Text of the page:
A watermark made of nanoscopic polyurethane pillars that remains invisible until it is breathed on has been developed by U.S. students.
A University of Michigan team, along with research partners in South Korea, say the process creates a label that cannot be easily copied. It is now looking to commercialize and protect the innovation.
Chemical engineering professor Nicholas Kotov said the challenge in fighting fake consumer goods is “the need to stay ahead of the counterfeiters.”
An array of tiny pillars on the top of a surface — comparable to a sub-microscopic toothbrush, say the team — hides the image beneath.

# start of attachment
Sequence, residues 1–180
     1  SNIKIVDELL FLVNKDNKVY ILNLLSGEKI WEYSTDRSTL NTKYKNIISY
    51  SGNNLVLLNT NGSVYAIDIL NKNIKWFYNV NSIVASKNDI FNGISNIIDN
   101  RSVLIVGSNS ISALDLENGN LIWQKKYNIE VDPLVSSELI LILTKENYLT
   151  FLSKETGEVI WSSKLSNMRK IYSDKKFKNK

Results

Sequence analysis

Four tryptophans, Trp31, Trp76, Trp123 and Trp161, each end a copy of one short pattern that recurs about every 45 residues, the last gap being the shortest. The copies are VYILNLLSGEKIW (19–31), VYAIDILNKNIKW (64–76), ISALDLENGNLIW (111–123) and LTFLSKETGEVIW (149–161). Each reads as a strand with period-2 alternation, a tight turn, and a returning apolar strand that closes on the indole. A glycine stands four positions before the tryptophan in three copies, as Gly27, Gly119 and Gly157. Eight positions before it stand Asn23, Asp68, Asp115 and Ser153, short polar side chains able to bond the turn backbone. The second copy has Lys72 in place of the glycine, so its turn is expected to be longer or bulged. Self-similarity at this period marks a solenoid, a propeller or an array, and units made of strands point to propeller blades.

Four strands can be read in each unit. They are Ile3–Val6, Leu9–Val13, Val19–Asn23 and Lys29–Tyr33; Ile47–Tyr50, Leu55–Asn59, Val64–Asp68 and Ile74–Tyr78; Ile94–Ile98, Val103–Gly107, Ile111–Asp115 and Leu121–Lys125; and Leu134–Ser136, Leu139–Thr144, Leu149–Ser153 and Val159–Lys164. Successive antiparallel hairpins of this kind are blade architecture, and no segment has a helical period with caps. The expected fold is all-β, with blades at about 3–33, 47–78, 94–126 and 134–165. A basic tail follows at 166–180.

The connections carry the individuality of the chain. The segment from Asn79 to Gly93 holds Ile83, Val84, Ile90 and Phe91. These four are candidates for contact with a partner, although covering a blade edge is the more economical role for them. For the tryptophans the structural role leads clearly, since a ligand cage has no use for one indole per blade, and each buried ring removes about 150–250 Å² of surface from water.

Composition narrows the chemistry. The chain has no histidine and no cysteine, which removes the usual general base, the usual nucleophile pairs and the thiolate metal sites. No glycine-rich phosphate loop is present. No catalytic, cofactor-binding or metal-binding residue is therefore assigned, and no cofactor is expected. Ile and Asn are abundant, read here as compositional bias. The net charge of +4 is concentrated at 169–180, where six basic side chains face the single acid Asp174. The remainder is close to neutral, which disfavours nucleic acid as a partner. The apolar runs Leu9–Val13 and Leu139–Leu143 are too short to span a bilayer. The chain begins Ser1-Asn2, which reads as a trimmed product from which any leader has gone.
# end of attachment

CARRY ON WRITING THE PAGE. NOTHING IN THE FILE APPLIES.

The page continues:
When moisture from a breath gets between the minute polyurethane pillars, the image is revealed.
Equipment capable of creating features 500 times smaller than the width of a human hair is required — an expense researchers believe will render it beyond counterfeiters' reach. However, they also claim the labels can be manufactured at $1/inch 2 once the template is made.
The nanopillars — made from a blend of polyurethane and adhesive — bond with plastics, fabric, paper and metal say developers, who are also confident it will work effectively on glass and leather.
A paper, Shear-Resistant Scalable Nanopillar Arrays with LBL-Patterned Overt and Covert Images, was published on the journal Advanced Materials website in August.